When I started my journey with tennis in the middle of the 1990s, I was using my father’s racket.
The racket was huge and heavy, and it was definitely not designed for a ten-year-old boy at the time.
I remember chronic back pain that interrupted my career for a couple of months. Other peers were also struggling with incorrect techniques caused by excessive racket weight.
Those times weren’t easy for kids to learn tennis.
Nowadays, tennis rackets come in different sizes. You can choose from hundreds of rackets that offer more power, control, or a blend of. There are different rackets for any age, height, or level of tennis.
You have to get to know yourself before selecting any particular racket that will be good for you.
The reality is that your choice of the tennis racket will affect your progression pace. If you mismatch parameters to your abilities, you’ll make it more difficult for yourself.
The simplest solution is to ask your coach or an expert at a local club what racket would suit you.
But having basic knowledge about cause and effect could save you some time and money while learning how to play.
How Much Does Rocket Head Size Matter?
Most people who begin to play tennis don’t realize how big an influence the racket head has on performance.
It’s like with the engine in a car. Generally, the bigger it is, the more power it produces. So, the head size, and any other part of a tennis racket, are essential.
Generally, there are three head sizes available in tennis:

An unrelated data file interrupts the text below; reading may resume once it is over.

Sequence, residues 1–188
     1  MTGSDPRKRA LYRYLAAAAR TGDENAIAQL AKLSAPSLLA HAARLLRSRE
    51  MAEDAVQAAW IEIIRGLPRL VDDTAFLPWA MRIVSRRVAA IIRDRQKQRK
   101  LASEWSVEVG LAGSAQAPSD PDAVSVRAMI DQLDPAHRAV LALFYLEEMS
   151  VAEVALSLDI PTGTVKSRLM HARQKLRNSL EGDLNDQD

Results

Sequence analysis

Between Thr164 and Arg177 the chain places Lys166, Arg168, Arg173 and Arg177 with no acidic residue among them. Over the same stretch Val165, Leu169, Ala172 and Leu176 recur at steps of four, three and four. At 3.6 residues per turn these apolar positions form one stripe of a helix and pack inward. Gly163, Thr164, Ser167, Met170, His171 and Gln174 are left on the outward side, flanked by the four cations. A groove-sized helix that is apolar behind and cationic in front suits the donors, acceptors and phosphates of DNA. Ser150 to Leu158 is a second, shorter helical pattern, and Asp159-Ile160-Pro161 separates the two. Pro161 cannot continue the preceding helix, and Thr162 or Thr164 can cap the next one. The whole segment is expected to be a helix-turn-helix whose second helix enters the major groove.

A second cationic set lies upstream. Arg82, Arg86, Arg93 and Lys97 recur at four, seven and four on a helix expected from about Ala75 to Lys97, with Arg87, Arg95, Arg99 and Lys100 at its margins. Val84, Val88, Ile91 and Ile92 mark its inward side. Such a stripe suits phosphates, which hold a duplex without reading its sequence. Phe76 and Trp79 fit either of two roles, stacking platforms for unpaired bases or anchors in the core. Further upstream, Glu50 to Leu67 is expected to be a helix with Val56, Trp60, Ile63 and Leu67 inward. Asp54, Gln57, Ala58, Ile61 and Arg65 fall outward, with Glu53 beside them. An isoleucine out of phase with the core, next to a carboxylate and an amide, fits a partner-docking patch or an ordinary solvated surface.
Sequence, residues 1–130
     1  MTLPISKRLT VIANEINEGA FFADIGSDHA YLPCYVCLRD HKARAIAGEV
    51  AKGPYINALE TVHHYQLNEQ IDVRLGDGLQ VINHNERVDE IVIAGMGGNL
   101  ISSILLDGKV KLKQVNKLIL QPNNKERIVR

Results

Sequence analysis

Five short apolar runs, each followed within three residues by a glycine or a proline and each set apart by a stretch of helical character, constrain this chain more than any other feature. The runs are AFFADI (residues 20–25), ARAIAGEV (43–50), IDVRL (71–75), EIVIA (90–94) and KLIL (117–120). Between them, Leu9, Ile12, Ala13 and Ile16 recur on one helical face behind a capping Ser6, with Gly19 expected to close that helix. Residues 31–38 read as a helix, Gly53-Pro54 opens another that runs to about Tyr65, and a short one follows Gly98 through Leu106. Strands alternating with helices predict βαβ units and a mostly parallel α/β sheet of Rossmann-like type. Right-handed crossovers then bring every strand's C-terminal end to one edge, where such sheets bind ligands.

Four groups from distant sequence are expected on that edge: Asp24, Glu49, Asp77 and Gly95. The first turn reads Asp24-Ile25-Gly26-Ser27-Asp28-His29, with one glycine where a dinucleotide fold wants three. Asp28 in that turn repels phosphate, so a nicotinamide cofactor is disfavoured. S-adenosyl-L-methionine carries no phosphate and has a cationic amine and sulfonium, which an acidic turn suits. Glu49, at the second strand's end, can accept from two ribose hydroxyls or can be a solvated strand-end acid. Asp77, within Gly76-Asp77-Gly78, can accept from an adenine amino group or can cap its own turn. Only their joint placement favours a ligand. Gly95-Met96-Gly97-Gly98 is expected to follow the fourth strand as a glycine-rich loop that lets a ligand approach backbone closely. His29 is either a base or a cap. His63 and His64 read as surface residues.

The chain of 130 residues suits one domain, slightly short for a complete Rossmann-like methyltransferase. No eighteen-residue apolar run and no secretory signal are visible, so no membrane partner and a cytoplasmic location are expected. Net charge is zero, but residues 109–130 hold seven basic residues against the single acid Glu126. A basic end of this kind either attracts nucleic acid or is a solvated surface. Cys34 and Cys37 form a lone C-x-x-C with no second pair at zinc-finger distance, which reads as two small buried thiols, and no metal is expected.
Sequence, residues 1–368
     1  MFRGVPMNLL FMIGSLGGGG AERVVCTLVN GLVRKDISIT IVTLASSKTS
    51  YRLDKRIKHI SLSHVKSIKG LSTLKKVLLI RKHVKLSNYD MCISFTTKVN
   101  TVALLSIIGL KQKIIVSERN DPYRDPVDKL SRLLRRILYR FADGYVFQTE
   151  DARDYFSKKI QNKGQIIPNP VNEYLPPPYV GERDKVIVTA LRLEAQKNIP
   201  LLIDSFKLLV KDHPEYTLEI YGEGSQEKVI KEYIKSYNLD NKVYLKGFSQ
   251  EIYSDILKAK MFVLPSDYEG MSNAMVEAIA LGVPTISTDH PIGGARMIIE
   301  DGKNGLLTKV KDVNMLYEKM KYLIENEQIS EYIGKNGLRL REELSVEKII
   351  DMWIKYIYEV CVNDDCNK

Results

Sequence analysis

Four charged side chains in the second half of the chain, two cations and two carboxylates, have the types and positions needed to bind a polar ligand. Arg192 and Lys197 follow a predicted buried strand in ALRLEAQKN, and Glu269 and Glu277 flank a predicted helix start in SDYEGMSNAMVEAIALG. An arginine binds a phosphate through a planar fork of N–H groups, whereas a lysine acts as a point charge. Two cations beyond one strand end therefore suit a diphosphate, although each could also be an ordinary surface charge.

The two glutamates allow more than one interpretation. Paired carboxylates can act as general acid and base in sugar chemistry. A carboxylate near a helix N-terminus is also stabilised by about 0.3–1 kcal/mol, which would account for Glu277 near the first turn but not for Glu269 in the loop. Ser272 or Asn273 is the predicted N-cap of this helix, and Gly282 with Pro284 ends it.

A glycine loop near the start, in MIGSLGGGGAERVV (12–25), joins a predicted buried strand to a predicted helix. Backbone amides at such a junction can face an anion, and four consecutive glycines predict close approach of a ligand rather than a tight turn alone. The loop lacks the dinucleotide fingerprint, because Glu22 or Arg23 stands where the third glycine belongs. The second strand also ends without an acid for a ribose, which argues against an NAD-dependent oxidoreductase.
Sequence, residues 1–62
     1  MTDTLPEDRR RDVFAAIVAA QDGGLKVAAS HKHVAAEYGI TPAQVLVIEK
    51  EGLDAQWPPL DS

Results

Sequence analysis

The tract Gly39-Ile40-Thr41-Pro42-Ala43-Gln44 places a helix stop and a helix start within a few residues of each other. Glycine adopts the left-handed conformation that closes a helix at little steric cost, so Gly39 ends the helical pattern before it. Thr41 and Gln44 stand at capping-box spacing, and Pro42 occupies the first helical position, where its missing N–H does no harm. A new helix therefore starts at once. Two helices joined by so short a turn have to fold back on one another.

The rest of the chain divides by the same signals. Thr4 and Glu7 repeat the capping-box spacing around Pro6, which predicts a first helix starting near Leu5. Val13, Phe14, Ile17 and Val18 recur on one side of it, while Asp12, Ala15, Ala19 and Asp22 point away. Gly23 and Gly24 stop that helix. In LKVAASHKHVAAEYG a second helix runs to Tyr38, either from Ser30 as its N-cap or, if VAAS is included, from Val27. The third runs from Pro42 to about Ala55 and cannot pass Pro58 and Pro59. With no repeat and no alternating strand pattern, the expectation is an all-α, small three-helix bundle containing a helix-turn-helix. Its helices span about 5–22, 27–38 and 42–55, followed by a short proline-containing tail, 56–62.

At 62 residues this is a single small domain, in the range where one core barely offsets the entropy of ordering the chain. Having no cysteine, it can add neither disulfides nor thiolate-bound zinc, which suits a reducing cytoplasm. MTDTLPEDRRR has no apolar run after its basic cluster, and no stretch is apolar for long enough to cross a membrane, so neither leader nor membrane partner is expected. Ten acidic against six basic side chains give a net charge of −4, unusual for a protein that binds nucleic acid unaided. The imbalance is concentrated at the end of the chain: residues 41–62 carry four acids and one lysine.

Oversize 105” and more, Midplus 98-104”, and Midsize 85-97”.
If you are just starting out, you should search for light oversized rackets.
These will help you to hit consistently without overloading muscles.
An oversize head is preferred because of the greater hitting area called the “sweet spot.”
The large head size also makes shots more powerful, so you can fully concentrate on technique.
When you become an intermediate player, your priorities slightly change. For example, now you want to add some precision to the game, so you need better control.
The racket you use is heavier, and the head size is rather midplus. Thanks to that, you’re able to play at your own pace and keep the power under control.
Finally, we come to professionals and their rackets which are very demanding. The characteristic midsize heads and heavy frames allow for the ultimate ball feel.
But, as the hitting surface is small and less powerful, it requires high accuracy and developed muscular strength.
You might be interested in other factors, too, although they’re more niche. I am talking about terms like the beam and flexibility.
Beam size, in other words, frame thickness, is measured in three points of the racket. The tip, the middle, and the throat.
A thin frame is considered up to 24mm, while a thick frame stands for 25mm and above.
Thinner rackets have a tendency to distort on the contact with the ball.
Because of that, your shots are under control, but their speed depends more on arm strength. Such rackets are great for professionals in general.
In contrast, thicker frames are very powerful due to minor loss of energy. Therefore, they are recommended for novice players and those who are physically weaker.